Before I begin, I have to confess that I may have set an acronym record with this post…here’s a reference list:
- HUD: Housing and Urban Development (the federal agency overseeing housing). They fund my work and thus they hold a special place in my heart.
- NPMA: National Pest Management Association
- PHAS: Public Housing Assessment System
- REAC: Real Estate Assessment Center (If you remember one thing from this post, remember “REAC.”)
- UPCS: Uniform Physical Condition Standards
Okay, now for the post!
Last week I got the April HUD Asset Management E-Newsletter. Sounds like good reading huh? Don’t beat it till you try it, see: http://portal.hud.gov/hudportal/documents/huddoc?id=asset_management_april.pdf
One announcement that is very relevant to all of us trying to work with PHAs is that a change was issued for HUD’s Public Housing Assessment System (PHAS). “The purpose of the PHAS physical condition assessment is to ensure that public housing units are decent, safe, sanitary, and in good repair, as determined by an inspection conducted in accordance with HUD’s Uniform Physical Condition Standards (UPCS)” from http://www.hud.gov/offices/reac/products/phas/pass-scoring.pdf. Don’t glaze over on me! If you do work in public housing, you need to know about PHAS and the Real Estate Assessment Center (REAC).
REAC is the inspecting system that grades each housing authority for PHAS. The “grade” has a lot to do with how the HUD treats the PHA in the following year(s). One incentive to do well is that the REAC inspection process is stressful and time consuming for property managers and high performers only have to go through the process every 3 years. The newsletter link above has a great summary of the REAC point categories. If you’re working with a PHA, find out when their REAC inspection is…and don’t count on working with management too much in that month.
- Physical Condition;
- Financial Condition;
- Management Operations; and
- The Capital Fund program.
So what’s new with the PHAS/REAC process?
For one thing, there’s no more Resident Satisfaction Survey! The Capital Fund replaced it. (Sidenote: I will be updating the IPM in Multifamily Housing Training powerpoints available at www.stoppests.org to reflect this change.)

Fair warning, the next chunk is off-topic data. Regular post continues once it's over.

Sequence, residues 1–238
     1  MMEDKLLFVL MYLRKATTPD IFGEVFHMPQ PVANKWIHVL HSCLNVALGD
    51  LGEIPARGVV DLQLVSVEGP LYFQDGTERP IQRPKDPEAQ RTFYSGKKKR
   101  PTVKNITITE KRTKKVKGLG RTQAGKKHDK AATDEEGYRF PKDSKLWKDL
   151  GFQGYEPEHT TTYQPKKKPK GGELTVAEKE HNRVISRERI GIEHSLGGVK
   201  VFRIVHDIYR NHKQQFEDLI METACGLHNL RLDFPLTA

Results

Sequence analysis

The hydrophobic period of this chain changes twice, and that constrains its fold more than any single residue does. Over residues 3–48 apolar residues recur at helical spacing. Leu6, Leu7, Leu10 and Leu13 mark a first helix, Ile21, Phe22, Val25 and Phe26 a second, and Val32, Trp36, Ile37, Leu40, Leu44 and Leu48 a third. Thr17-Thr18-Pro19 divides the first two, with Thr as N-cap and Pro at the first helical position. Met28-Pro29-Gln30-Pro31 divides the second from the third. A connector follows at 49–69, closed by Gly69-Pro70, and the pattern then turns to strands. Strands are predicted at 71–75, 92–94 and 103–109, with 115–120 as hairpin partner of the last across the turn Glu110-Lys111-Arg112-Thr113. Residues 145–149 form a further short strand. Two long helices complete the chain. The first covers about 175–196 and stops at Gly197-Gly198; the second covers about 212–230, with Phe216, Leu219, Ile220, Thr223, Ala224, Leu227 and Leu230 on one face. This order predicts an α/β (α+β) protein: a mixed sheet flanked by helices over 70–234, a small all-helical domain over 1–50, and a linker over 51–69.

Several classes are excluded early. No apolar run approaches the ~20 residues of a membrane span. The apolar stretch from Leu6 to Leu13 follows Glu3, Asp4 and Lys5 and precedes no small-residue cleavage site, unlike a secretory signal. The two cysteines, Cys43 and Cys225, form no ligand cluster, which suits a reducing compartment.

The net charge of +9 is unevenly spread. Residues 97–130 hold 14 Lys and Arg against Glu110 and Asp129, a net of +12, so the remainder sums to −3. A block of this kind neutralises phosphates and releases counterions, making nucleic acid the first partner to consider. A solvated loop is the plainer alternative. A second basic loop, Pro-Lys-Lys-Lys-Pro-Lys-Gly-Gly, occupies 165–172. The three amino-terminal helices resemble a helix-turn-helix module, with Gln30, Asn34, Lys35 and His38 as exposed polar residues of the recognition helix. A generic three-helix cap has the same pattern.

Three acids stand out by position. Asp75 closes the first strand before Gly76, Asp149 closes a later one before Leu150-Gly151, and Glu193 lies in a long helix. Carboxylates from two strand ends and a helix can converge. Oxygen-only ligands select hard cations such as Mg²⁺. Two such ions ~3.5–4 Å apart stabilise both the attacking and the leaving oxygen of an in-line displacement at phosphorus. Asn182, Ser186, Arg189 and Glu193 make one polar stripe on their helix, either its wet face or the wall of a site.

There used to be two questions on the resident survey that pertained to pest control:
- How often, if at all, are rodents and insects indoors a problem in your development?
- How often, if at all, have you had a problem with rodents and insects indoors?
The fact that these are gone makes it even more critical for residents to submit their pest control issues to management via the property’s work order system. The work order system is a PHA’s paper trail on deficiencies.
As far as I know, the only place where pests are still explicitly mentioned is in the Physical Condition part (the Physical Assessment Sub-System (PASS)). Basically, if an inspector sees evidence of insects, points are not earned. The exact instructions to the inspector are:
- Insects (Infestation)
Deficiency: You see evidence of infestation of insects--including roaches and ants--throughout a unit or room, especially in food preparation and storage areas.
- This does not include infestation from rats/mice. For this deficiency, see Infestation - Rats/Mice/Vermin under Health and Safety.
- If you see baits, traps, and sticky boards that show no presence of insects, do not record this as a deficiency.
- Rats/Mice/Vermin (Infestation)
Deficiency: You see evidence of rats or mice--sightings, rat or mouse holes, or droppings.
- This does not include infestation from insects. For this deficiency, see Infestation - Insects under Health and Safety.
- If you see baits, traps, or sticky boards that show no presence of vermin, do not record this as a deficiency.
From the REAC inspector’s “Dictionary of Deficiency Definitions DCD v. 2.3 for Real Estate Assessment Center System (REACS) Physical Assessment Subsystem (PASS)” which is available at http://www.hud.gov/offices/reac/pdf/pass_dict2.3.pdf .
I have heard of PHAs losing points because one insect is stuck to a sticky trap monitor. HUD is working with REAC to get IPM training for the inspectors so that they understand that one insect on a trap that is dated from a year ago, is not standalone evidence of an infestation.
If you understand what goes into an IPM program, you understand that IPM-based recommendations focus on structural problems with the aim of preventing pests. Following this train of thought I downloaded the checklist that the REAC inspectors use for PASS. For each deficiency the inspectors look for, I added a quick reason why having the deficiency could lead to pest infestation. With a stretch of the imagination I think we could make an argument for everything, but I kept it to the most logical. I also left in the “Life Threatening” items because if a PMP sees these deficiencies he should report it to property management immediately.
Then I looked through the National Pest Management Association’s (NPMA) handbook on IPM which includes an inspection checklist. I added a few items from that, but as you’ll see most of NPMA’s items were already in the PASS checklist in some form. Download IPM for REAC inspection. Of the 272 possible deficiencies in the PASS, 139 directly link to IPM—that’s 51%!
- PHAs: I’m sure you’re aware of this change, but please don’t let it lessen your focus on pest control. I hope the checklist helps you see how relevant IPM is.
- People working with PHAs: Look at the links I provide in this post so that you can be sensitive to what property managers have to deal with during the REAC inspection.
- And to all my federal government readers: I’m so glad you’re at work today!!